The US anti-obscenity laws of the time were known as the Comstock laws and forbade obscene materials to be distributed via the US postal system: these laws were invoked against Anderson and Heap. Once brought to trial, what the court had to decide was whether or not Joyce’s text was obscene. The Comstock laws traced their origins to an earlier British case (the Hicklin case of 1868, which was an interpretation of the British Obscene Publications Act of 1857), which set up what became known as the ‘Hicklin test’ of obscenity (Werbel, 2018: 128–30). This ‘test’ asked judges to ascertain: ‘whether the tendency of the matter […] is to deprave and corrupt those whose minds are open to such immoral influences, and into whose hands a publication of this sort may fall’ (Green and Karolides, 2005: 232). Rachel Potter points out that this case only provided ‘a very loose definition of obscene writing’, which inevitably favoured the prosecution (Potter, 2013: 2).3 The second part of the Hicklin delineation of obscenity (‘into whose hands a publication of this sort may fall’) was easily demonstrated in The Little Review case, because the daughter of a prominent attorney had been sent an unsolicited copy in the post (Hutton, 2019: 109). As such, the tacit terms of the trial were set up: innocent young women of standing – even the daughters of the New York legal men – became the implied readers whose minds might be depraved and corrupted.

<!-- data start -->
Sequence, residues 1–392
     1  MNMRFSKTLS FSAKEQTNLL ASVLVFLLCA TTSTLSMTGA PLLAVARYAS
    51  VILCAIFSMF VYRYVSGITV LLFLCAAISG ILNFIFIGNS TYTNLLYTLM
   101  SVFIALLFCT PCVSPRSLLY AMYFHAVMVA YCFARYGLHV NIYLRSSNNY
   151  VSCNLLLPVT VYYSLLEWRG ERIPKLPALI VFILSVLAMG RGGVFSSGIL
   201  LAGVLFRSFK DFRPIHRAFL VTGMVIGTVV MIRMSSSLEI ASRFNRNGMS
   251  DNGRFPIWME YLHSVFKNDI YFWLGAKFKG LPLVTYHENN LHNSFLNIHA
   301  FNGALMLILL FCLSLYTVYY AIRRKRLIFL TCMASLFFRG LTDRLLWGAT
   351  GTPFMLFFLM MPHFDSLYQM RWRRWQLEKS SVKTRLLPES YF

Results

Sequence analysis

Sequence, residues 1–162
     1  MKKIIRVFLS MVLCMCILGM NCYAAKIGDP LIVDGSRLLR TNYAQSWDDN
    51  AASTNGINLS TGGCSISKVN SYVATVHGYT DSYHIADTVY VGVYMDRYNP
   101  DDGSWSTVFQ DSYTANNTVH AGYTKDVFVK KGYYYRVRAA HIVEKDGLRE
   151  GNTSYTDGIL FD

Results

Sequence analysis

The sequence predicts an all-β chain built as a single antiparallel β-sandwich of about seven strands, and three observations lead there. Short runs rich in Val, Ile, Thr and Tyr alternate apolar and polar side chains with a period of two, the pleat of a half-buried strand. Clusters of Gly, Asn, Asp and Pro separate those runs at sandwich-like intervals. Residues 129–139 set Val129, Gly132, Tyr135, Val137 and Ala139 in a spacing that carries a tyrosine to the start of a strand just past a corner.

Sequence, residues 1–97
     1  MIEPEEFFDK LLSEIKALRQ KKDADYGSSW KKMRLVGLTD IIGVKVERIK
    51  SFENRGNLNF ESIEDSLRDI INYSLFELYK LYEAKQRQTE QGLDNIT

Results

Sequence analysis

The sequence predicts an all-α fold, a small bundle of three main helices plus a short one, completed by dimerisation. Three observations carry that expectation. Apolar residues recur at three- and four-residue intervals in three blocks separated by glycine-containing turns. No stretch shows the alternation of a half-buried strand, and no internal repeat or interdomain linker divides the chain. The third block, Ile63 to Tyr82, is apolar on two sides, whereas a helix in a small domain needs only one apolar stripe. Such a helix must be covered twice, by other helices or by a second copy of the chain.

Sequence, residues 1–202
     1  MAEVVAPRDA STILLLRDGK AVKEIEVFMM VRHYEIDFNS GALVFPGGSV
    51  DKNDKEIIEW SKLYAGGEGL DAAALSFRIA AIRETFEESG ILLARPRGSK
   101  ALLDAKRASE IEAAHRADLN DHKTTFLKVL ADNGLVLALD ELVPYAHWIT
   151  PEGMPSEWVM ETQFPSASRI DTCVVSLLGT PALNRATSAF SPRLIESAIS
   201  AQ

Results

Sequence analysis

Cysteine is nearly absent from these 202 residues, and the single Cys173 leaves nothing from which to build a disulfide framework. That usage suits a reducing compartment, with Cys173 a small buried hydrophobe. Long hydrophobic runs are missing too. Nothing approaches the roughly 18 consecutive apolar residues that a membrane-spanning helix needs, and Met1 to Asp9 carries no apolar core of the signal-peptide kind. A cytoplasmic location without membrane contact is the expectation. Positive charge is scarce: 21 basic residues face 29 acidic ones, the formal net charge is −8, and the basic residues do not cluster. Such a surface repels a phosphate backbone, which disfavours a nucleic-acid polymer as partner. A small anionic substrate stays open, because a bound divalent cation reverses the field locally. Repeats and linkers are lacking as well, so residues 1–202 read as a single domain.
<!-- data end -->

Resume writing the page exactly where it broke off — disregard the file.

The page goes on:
The attorney John Quinn led the defence and, bearing Hicklin in mind, denied the charges. One of Quinn’s main lines of legal reasoning was that citizens couldn’t be corrupted by the text in question because most people would not understand Joyce’s writing. To illustrate his point, Quinn claimed in court: ‘I myself do not understand Ulysses – I think Joyce has carried his method too far’ (Vanderham, 1998: 49). At this point in the defence, Quinn appealed to modernist difficulty as a complex form of literary encoding which the general public could not hope to decode. Anderson and Heap lost the case, however, and Ulysses would only finally be published in the US over a decade later. In rejecting the argument that modernist texts were too complex to be corrupting, the judges evaluated the reading public more highly than the defence. The idea that readers – and especially young female readers – would understand the text’s sexual content troubled the New York judges. The trial stages a conflicting paternalistic attitude towards women readers: on one level, women and girls are readers whose innocence of sexual practices must be actively maintained and protected – in this case by law. Simultaneously, on another level, they are cast as readers who would find sexual content plainly intelligible and identifiable – perhaps even more so than the average citizen – and who would thus be readily corrupted by it. The confusion of this conflicting paternalistic attitude was staged in a bizarre moment during the trial, which Margaret Anderson recalls in her autobiography. When it was suggested that the offending excerpt of Ulysses be read out in court, the judge refused to allow the obscene passage to be read aloud in front of an attractive young woman in the courtroom – who was in fact Margaret Anderson. In response to it being pointed out that Anderson was one of the publishers the judge claimed that she could not have known the significance of what she was publishing (Anderson, 1969: 221).4 This denial of Anderson’s ability to understand the text remained at odds with the law’s assertion of individual responsibility implied by the subsequent guilty verdict. What is staged in this trial is a contradictory belief in women’s ability to simultaneously take blame for obscenity, while being unable to assert sexual autonomy.